Today I brought the family to the Cape of Good Hope and we stood on what seems to be the edge of the world for a little while.
For years I have sat at my Nana’s kitchen table and gazed, bewildered, at the world map on her wall. For years I have fixed my eyes on the label, ‘Cape of Good Hope’, and pondered what a place that must be. It is truly very beautiful. Nelson was the father of an incredibly breath-taking land.
Pitched up along the seafront street of Kalk Bay today were a number of chalkboards paying respects to Mandela.
I think I might have expected the country to erupt or cease to exist when Mandela died. Instead, the reality was that it kept on going. I made a point of listening to the radio as we drove along the roads today, to try to catch something of what the people are feeling. President Zuma spoke, explaining that Mandela’s was a life ‘we must all emulate for the betterment of our country and Africa.’ Songs were played. Songs like ‘What a wonderful world’ – which all seemed to have claimed some new and higher significance in the wake of the country’s great hero.
Janina text me this evening to tell me about a memorial service being held in Cape Town – unfortunately the text came too late, and we were too far away to attend – and exclaimed that they were about to sing the national anthem. It must have been an incredible experience. To join with the nation and sing. And this nation can sing.
I don’t know enough to form some long and intelligent and fresh opinion or thesis on Mandela’s death. I didn’t live through apartheid. As long as I have been alive, Mandela has been a free man. (We are headed to Robben Island on Sunday – a trip that will be of greater value now, I hope. I do wonder what the atmosphere there will be like.) Even having lived in South Africa for 3 months now, I don’t feel as though I know enough about this country to comment or possibly predict what’s next. It is such a vast land. It is home to over 52 million people. (Northern Ireland homes 1.8 million.) Having talked to the inmates at Malmesbury prison last week about their country, I know that President Zuma is not best liked here and has proven to be yet another corrupt politician. So the Black governing party which Mandela envisioned has not become a reality as yet. While we may fill the news feeds of our social media sites up to the brim with Mandela quotes, there is no doubt that his words have not yet been manifested in the leadership and citizenship of this country. The concern lies in the extent to which South Africans will strive to live out Mandela’s words now that he is gone. The risk is that they will become excessively quoted words, once seen as visionary and within reach, and eventually the remnants of a dreamed up future for this nation.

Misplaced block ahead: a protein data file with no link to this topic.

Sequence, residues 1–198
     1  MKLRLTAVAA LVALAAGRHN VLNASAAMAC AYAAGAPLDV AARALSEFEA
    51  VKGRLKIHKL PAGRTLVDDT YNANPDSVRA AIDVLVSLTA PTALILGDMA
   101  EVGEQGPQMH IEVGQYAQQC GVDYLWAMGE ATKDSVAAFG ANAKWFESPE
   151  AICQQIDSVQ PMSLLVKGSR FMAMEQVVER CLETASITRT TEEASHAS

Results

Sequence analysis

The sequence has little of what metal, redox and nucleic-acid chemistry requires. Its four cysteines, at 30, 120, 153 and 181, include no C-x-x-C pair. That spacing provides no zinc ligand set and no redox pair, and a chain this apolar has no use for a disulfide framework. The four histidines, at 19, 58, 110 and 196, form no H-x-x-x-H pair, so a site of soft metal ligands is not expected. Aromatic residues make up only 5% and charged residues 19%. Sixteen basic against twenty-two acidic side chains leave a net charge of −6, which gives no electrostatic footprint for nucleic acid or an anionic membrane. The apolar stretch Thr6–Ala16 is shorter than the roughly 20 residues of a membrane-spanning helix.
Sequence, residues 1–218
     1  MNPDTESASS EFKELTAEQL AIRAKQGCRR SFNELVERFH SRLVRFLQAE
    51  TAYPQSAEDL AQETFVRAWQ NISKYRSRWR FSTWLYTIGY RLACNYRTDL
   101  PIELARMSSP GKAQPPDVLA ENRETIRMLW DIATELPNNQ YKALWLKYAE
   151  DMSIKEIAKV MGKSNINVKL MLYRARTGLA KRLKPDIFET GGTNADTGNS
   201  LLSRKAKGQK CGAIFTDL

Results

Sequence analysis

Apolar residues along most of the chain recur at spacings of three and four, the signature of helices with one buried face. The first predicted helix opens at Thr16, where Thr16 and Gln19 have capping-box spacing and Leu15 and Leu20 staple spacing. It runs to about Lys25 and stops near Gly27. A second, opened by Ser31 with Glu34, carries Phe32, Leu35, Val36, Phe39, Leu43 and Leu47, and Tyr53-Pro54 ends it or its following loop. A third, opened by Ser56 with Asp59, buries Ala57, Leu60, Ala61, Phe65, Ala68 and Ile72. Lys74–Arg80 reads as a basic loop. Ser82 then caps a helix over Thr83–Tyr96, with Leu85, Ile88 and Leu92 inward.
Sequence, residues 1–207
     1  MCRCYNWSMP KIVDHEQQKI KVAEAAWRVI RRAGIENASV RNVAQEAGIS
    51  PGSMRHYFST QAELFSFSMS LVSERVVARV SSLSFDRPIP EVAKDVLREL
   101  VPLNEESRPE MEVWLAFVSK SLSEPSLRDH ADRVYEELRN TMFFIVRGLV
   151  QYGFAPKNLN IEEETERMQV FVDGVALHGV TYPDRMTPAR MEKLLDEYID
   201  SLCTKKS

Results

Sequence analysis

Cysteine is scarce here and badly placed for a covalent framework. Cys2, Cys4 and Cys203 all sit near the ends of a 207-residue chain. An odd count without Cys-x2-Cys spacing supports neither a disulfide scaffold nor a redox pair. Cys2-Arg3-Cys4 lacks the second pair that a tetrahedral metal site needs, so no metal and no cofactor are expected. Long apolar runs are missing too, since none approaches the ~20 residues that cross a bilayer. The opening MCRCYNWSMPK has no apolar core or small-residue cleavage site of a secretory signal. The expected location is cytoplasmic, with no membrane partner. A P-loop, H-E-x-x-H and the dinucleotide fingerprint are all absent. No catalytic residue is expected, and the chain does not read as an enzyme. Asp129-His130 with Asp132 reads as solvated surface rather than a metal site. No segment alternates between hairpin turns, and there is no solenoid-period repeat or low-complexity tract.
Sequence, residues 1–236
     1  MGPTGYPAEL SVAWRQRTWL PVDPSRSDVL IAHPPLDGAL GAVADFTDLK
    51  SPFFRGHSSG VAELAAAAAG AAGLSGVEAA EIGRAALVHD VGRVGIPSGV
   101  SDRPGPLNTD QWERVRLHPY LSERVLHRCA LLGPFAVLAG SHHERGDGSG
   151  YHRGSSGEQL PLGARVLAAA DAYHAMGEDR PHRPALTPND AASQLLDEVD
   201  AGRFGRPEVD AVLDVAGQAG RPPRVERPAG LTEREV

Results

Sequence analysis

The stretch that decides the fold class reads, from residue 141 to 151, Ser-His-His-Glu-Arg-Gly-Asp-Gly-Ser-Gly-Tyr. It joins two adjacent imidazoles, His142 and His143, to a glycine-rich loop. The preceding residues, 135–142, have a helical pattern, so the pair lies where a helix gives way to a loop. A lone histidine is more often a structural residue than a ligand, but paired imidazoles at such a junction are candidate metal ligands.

These past two days we have been staying in a little thatched cottage in Noordhoek – just 30 minutes from the Cape of Good Hope. Tucked behind a remote-controlled gate, it doesn’t take a top pair of binoculars to see that one could very easily live here and remain very oblivious to the happenings of South Africa. It is a very white-washed – when I say ‘white-washed’, I mean White – gated community. Each time I’ve driven out of the gate, I’m met by a new pair of horses trotting along the country lanes, being driven by their smiling White owners. It maybe isn’t a surprise at all, then, that I didn’t find the expected upside-down and mourning community outside the gate today. Without the aid of instantaneous news and social media, one would have to drive for a few miles to learn of Mandela’s passing. It’s on a day like today that I so wish I could be in prison, hearing the reactions of the inmates to such an event as this.
Prison closes its doors to outside visitors such as the Andrew Murray centre on December 15th. This closure lasts right through until January 15th, as part of a procedure known as Operation Vala. Vala occurs annually, as this period is recognised as the Summer holiday in South Africa – I still can’t get my head around sunshine in December, but I’ll not go on about that. During this time, less staff are on duty due to holiday leave. This is also a volcanic time in prison. Tensions build as gangs recruit new members. Inmates get both depressed and frustrated by the distance and bars keeping them from celebrating Christmas with their families. Yesterday I went to Malmesbury prison, where lots of prayers were prayed over the men there for the upcoming months. There are 50 men who attend the session every Thursday. This just happens to be the prison where I had the privilege of teaching last week – I tried my best to convince Maxwell and the others that I couldn’t possibly be expected to stand and teach 50 men, in contrast to the usual 20 or so at the other prisons, but alas I failed. Last week, a few of the guys assured me that they would plan a surprise for my family coming into prison, and I knew they wouldn’t disappoint. Yesterday, my mum, dad, and brother all joined me in prison. Needless to say, the car journey to Malmesbury was not quite filled with the usual chat and banter. I did feel a little bit guilty in that I had been to prison countless times by this stage, whereas these three had never set foot ‘inside’, and had no idea what they were about to experience. The car journey home was anything but quiet.